Senate pushes for infrastructure bill passage

Late Sunday, Senators lifted the $1 trillion bipartisan infrastructure bill over another hurdle. A coalition of Democrats and Republicans was pushing it closer towards passage despite some holdouts trying derail one President Joe Biden's top priorities.

Senate pushes for infrastructure bill passage

It was a sign of the bill's popularity, and the eagerness of senators back home to prove they can deliver, that the rare bipartisan momentum held steady. The package is one of the largest investments in its type in years and promises billions of dollars for upgrades to roads, bridges, broadband Internet, water pipes, and other public works systems that underpin the nation.

On a vote of just 68-29, the senators defeated another hurdle of 60 votes. Final votes could drag into Tuesday morning as one GOP senator, Tennessee's Bill Hagerty refused to give up on mandatory debate time.

As the Senate struggled through its second weekend session, Majority Leader Chuck Schumer (D-N.Y.), stressed to his colleagues that they can choose the "easy or the difficult way."

Schumer stated, "We'll continue to proceed until we get the bill done."

The Infrastructure Investment and Jobs Act, which Biden called a "historical investment" in public work programs, would be the first step of President Obama's rebuilding agenda. For a strong final count, up to 20 Republicans could join Democrats in the evenly divided Senate. It would be approved by the House.

"We are on the cusp to seeing that move through Senate," Transportation Secretary Pete Buttigieg stated on Fox News Sunday, citing "a remarkable alliance" that includes labor, business and lawmakers from both political parties. "I believe we are about to get it done."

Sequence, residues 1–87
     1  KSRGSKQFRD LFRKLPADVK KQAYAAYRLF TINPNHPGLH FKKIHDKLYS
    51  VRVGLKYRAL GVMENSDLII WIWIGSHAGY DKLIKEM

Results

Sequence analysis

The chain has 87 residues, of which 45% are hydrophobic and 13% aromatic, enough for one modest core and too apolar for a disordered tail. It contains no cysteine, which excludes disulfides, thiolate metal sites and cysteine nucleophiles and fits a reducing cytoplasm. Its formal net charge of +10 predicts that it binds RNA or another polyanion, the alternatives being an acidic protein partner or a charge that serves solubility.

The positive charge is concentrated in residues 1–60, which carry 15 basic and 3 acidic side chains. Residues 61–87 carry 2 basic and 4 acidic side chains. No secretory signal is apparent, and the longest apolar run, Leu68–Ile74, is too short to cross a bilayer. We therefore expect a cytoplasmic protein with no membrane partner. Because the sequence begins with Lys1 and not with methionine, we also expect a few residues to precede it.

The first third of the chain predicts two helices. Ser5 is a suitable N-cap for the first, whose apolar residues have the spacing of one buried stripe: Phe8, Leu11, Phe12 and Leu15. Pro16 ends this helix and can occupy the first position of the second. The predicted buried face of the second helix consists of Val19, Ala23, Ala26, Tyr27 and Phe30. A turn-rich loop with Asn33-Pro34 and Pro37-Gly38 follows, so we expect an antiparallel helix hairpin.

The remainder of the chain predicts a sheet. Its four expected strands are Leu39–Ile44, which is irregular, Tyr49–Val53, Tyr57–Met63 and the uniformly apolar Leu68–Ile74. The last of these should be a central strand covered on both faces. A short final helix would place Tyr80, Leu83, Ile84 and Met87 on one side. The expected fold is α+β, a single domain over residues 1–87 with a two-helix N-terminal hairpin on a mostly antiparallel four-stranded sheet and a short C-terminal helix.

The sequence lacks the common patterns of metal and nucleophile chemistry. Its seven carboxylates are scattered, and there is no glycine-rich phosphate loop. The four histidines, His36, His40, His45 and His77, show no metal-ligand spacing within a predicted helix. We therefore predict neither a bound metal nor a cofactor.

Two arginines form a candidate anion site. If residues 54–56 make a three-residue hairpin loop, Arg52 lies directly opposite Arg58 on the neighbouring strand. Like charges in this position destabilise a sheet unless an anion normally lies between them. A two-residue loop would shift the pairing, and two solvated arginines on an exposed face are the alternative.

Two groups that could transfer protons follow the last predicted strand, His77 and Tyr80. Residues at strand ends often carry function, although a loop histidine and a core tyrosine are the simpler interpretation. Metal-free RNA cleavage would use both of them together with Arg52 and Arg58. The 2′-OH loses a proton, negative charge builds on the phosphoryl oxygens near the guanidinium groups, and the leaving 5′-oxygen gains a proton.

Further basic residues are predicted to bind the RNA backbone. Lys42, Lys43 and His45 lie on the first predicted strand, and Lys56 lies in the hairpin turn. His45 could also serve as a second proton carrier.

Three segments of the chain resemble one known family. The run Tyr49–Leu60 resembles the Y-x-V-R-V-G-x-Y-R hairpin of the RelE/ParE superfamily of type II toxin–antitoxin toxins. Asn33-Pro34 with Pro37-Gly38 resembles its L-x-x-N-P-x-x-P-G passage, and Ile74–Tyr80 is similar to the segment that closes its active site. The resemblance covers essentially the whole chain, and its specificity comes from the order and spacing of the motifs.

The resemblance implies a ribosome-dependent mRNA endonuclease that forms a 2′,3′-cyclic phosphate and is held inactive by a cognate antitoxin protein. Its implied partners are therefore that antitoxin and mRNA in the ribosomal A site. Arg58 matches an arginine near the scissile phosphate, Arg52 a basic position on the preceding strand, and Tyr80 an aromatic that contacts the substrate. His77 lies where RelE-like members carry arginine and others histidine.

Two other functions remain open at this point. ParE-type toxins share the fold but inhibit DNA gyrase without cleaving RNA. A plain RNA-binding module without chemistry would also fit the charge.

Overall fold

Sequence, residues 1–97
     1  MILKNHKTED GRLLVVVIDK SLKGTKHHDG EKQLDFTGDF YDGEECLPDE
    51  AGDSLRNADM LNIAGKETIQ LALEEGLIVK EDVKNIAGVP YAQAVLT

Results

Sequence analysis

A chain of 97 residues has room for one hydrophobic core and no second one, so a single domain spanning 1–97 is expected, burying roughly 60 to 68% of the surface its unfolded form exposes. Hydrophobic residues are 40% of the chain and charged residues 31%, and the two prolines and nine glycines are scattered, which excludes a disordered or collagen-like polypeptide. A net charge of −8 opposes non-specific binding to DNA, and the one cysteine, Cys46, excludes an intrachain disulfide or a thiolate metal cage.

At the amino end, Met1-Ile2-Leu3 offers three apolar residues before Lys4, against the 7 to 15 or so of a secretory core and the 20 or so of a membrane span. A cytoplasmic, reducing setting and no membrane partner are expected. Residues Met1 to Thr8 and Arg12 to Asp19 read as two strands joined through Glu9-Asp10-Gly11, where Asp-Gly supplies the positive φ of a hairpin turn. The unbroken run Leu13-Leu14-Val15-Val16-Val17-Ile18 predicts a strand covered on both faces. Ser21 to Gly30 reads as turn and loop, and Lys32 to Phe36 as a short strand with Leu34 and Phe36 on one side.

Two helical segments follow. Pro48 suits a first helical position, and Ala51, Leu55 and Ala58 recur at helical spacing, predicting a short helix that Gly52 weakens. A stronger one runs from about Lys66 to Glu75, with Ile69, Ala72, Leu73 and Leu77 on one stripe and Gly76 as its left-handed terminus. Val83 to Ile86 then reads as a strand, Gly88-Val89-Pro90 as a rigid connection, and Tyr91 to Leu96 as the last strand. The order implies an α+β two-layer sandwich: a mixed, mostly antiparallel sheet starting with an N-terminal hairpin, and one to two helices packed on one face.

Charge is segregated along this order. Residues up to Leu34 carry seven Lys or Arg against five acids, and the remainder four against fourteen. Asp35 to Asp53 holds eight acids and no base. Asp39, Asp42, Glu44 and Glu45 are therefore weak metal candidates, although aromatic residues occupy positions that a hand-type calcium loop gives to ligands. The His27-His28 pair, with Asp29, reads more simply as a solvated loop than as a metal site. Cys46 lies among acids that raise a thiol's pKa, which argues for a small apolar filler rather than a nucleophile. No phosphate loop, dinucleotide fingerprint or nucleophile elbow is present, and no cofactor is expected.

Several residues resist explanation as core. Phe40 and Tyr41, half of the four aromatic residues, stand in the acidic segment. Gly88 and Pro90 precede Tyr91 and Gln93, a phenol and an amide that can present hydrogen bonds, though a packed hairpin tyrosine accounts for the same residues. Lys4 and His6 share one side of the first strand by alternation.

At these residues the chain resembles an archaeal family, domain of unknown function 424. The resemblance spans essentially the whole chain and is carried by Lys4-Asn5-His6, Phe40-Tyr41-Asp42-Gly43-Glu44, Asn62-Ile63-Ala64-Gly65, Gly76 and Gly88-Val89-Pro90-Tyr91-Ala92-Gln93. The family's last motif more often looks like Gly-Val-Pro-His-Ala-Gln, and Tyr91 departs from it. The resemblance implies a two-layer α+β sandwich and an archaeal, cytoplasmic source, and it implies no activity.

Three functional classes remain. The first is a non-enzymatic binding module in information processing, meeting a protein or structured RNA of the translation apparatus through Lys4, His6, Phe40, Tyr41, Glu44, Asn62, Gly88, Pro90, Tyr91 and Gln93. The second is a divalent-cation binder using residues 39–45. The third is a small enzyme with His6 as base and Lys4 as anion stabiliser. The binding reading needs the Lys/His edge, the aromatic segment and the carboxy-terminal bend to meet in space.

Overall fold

Once voting wraps up, senators immediately will turn to the budget outline for a $3.5 trillion package of child care, elder care and other programs that is a much more partisan undertaking and expected to draw only Democratic support.

Despite all the momentum, action slowed down over the weekend as Hagerty (an ally of Donald Trump) forced the Senate's hand on debate time and refused to allow it to be accelerated.

Hagerty was Trump's ambassador in Japan and led the effort to spend as much time as possible to amend and debate the bipartisan bill. This is partly because he wants slow down the march towards Biden's next big bill which will allocate $3.5 trillion to child care and expand Medicare for seniors.

Trump called Hagerty Sunday morning, according to a person who was familiar with the conversation and requested anonymity to discuss it. Hagerty stated later in Sunday's speech to the Senate floor that he wanted to stop a "socialist Debt Bomb" of new government spending.

Although he has publicly criticized the bipartisan bill, and Biden and the senators of both parties who supported it, it is unclear if Trump's broadsides would have much influence with Republican senators. In a Sunday statement, he praised Hagerty for his stand.